47
     Approximately what percent of U.S. women
      Do you expect to be between 66.1in and
                    68.6in tall?

A.5%
B.10%
C.13.5%
D.16%
E. I have no idea how to do this




                                                48
     Approximately what percent of U.S. women
     Do you expect to be under 5 feet tall (60in)?



A.3%
B.5%
C.7.5%
D.10%
E. I have no idea how to do this



                                                     49
                               Example
Some IQ tests are standardized to a Normal model with a mean of 100 and a
  standard deviation of 16.

a) Describe the 68-95-99.7 rule for this problem

b) About what percent of people should have IQ scores above 116?

c) About what percent of people should have IQ scores between 68 and 84?

d) About what percent of people should have IQ scores above 132?

e) About what percent of people should have IQ scores above 120?

f) About what percent of people should have IQ scores below 90?

g) About what percent of people should have IQ scores between 95 and 130?

h) A person is a genius if his/her IQ belong to the top 10% of the all IQ scores.
    What minimum IQ score qualifies you to be a genius?
                                                                                50
                   Answers to the Example
Some IQ tests are standardized to a Normal model with a mean of 100 and a standard deviation of 16.

b) 16%

c) 13.5%

d) 2.5%

e) About what percent of people should have IQ scores above 120?
      Z = (120 -100)/16 = 1.25
      Find P(Z > 1.25) from standard normal chart or your TI calculator.
      Answer: 1-.8944 = .1056
f) About what percent of people should have IQ scores below 90?
      Z = (90 -100)/16 = -0.625
      Find P(Z < -0.625) from standard normal chart or your TI calculator.
      Answer: .26
g) About what percent of people should have IQ scores between 95 and 130?
      Z = (95 -100)/16 = -0.3125
      Z = (130 -100)/16 = 1.875

      Find P(-0.3125< Z < 1.875) = .9699-.3783 = .5916

h) A person is a genius if his/her IQ belong to the top 10% of the all IQ scores. What
minimum IQ score qualifies you to be a genius?

The top 10% corresponds to the 90th percentile. For the standard normal the 90th
percentile is 1.28. Hnece solve 1.28 = (Y-100)/16. The value of Y is 120.48.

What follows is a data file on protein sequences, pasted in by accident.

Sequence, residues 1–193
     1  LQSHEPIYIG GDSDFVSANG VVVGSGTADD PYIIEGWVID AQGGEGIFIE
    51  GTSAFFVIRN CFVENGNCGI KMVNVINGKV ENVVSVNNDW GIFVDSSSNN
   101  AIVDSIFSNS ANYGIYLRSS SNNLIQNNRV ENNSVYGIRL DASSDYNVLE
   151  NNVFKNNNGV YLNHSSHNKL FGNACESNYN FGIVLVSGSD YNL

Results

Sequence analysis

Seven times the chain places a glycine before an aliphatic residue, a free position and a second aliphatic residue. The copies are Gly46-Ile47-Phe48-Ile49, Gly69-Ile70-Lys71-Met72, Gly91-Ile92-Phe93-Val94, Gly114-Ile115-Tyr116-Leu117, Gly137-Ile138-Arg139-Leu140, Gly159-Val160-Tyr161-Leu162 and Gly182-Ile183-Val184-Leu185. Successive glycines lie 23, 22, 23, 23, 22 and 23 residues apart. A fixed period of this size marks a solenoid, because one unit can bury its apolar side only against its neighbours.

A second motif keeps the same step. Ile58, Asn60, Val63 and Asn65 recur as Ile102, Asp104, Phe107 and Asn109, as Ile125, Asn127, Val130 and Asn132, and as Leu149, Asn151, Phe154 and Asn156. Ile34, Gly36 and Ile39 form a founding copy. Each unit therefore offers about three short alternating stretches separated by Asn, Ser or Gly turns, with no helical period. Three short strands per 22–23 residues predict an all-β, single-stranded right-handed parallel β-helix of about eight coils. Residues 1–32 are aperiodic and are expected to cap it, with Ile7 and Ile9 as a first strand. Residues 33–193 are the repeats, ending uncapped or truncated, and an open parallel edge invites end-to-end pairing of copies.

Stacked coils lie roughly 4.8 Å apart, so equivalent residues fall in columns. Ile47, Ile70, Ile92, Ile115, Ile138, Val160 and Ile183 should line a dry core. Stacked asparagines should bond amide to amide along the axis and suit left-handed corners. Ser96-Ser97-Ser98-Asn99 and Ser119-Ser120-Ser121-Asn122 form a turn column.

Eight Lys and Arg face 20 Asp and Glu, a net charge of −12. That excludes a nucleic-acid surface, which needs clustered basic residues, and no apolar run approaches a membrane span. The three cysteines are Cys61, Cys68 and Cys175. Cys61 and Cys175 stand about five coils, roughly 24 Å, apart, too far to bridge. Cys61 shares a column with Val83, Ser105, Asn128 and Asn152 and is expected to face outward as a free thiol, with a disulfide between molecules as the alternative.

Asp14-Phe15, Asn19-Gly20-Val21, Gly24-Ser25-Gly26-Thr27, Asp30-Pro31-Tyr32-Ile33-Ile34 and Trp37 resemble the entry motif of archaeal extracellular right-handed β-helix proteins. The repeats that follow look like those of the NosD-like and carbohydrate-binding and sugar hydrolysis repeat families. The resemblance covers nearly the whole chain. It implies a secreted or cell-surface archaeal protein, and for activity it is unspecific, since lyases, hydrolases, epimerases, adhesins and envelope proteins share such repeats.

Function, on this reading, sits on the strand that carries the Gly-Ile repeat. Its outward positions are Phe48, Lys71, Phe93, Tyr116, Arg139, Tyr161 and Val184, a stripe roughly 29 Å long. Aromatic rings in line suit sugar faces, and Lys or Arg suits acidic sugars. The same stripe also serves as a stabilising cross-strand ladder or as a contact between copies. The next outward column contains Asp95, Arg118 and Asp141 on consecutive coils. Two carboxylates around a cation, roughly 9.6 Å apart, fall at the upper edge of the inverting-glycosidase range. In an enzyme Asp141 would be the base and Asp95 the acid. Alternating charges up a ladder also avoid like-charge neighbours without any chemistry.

51
                    Example
• In 2006 combined verbal and math SAT scores
  followed a normal distribution with mean 1020 and
  standard deviation 240.


• Suppose you know that Peter scored in the top 3% of
  SAT scores. What was Peter’s approximate SAT score?

• Answer: 1471.2


                                                      52
            Some TI-83/84 Commands
              To upload data on your TI calculator:

•       Press STAT, Enter (for EDIT)
    –     If there are old data under L1:

    –     Press the up arrow, then CLEAR, ENTER


•       Enter data values in L1 one at a time, pressing
        ENTER after each
    –     If you make an error, use the up or down arrows to highlight the
          error, then enter the correct value. Use the arrows to get to the
          bottom of the list for the next value, if necessary.

    –     Be sure to press ENTER after the last data value.                   53
            Some TI-83/84 Commands
     To Find One Variable Statistics (mean, median, standard
                           deviation, etc)

• Press STAT, Right Arrow (for CALC), ENTER

• Press ENTER (for 1-Var Stats)

• Press ENTER again

• Read results
   – The Standard Deviation is labeled Sx


                                                               54
           Using the TI-83 to Find a Normal Percentage
                                                              Always draw a
• The TI-83 provides a function named normalcdf
                                                              picture!
   – Press 2nd, DISTR (found above VARS)
   – Scroll to normalcdf ( and press ENTER, or press 2.
• If z has a standard normal distribution:
   – Percent(a < z < b) = normalcdf ( a , b )                           ?
   – Example: to find P( -1.2 < z < .8 ),                    -1.2           .8